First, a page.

Again, we find it hard to see how one regulator can be tasked with 'ensuring market integrity' when another has the task of checking whether major individual firms are not in danger of collapsing and causing collateral damage in the market by serious over-leveraging for example. But given the proposed structural overhaul, then the CPMA would have to have regard to the objectives of both PRA and FPC.
Most of the current FSMA principles of good regulation seem to us to be worth carrying through to the CPMA. As discussed above, protecting innovation and the relative international competitiveness of the UK should not be explicit goals of a regulator. But promoting fair competition and upholding diversity by for example ensuring that mutuals are not disadvantaged relative to other institutions seems to us a fair objective.
The accountability mechanisms as outlined for the CPMA seem appropriate. Ditto the funding arrangements.
17. Do you agree with the proposed merger of the UKLA with the FRC, as a first step towards creating a companies regulator under BIS?
As stated above, we can see arguments for and against this suggestion. Inevitably most of the focus of the new companies regulator would be on the listed sector and there would be a danger of regulation of those other, important sectors, losing focus. However, ACCA believes that now is the right time more clearly to regulate according to the scale and complexity of business concerns. The banking crisis has demonstrated clearly that governance of a large financial services operation with multiple subsidiaries and complex products requires a different approach - from board to regulators - than smaller entities. As we argue in our paper Restating the value of audit, we believe that consideration should be given to a stratification of audit in relation to scale and complexity.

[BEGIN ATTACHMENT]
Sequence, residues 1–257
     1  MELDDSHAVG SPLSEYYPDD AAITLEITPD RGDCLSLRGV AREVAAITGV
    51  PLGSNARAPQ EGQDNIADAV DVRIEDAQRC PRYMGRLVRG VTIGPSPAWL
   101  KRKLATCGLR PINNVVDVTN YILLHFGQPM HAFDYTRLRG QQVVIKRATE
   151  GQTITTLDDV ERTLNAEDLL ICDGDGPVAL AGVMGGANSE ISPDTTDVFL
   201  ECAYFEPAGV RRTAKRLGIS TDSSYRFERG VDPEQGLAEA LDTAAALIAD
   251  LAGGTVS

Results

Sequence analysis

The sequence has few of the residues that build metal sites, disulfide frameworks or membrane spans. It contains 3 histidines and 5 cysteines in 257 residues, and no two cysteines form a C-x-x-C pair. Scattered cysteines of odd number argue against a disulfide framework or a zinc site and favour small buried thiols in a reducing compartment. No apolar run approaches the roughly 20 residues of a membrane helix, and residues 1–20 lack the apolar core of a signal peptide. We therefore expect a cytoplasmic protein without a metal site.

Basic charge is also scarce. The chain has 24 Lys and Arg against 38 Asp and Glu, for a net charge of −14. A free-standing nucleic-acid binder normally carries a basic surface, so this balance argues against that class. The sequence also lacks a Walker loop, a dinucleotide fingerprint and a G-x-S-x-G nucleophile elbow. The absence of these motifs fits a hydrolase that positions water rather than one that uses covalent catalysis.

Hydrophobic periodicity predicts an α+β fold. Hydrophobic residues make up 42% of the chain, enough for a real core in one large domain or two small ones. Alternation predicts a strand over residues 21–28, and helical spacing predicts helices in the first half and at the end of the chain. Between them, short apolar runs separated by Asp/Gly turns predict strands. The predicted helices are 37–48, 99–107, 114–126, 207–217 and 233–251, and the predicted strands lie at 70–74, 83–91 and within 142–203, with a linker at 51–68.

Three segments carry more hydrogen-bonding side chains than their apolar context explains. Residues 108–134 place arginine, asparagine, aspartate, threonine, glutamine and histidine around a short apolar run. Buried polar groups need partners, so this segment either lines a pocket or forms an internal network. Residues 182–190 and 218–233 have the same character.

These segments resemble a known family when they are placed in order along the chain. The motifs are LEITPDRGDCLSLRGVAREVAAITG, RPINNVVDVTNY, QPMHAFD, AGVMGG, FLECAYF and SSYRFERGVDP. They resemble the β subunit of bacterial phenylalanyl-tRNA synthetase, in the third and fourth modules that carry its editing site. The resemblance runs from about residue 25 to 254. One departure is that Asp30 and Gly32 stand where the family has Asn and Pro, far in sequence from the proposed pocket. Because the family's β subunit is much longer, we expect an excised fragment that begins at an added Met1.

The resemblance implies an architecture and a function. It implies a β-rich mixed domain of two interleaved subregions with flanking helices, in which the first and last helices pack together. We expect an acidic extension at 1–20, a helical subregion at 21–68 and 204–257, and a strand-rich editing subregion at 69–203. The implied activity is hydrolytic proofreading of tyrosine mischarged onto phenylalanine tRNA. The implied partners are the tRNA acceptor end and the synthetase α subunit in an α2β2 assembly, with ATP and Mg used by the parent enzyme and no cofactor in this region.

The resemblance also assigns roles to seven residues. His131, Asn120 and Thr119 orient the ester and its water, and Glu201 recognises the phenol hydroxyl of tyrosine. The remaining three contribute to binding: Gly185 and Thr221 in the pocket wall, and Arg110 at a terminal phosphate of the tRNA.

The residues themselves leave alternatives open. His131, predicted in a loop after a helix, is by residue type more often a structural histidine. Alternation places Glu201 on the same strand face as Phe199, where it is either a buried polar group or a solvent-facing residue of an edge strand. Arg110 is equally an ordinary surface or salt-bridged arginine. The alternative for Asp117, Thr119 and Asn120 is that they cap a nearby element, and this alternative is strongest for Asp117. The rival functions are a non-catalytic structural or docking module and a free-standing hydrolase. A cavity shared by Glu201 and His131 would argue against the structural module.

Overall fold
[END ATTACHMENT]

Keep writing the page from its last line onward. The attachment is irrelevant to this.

For these reasons, ACCA believes the idea of bringing together the FRC and UKLA merits serious consideration.
A decision to transfer powers to the FRC would, of course, have to be taken on the basis that the FRC would be able to satisfy compliance with the IOSCO principles, especially those which provide that
- The responsibilities of the regulator should be clear and objectively stated.
- The regulator should have adequate powers, proper resources and the capacity to perform its functions and exercise its powers.
To conclude, our principal comment on the proposals is that we consider that the scheduled transfer of powers from the FSA to the Bank could be achieved through the adoption of an integrated approach to the regulation of institutions. We believe that duplication of resources and functions must be avoided and the compliance obligations of entities rationalised in the interests of good and effective regulation.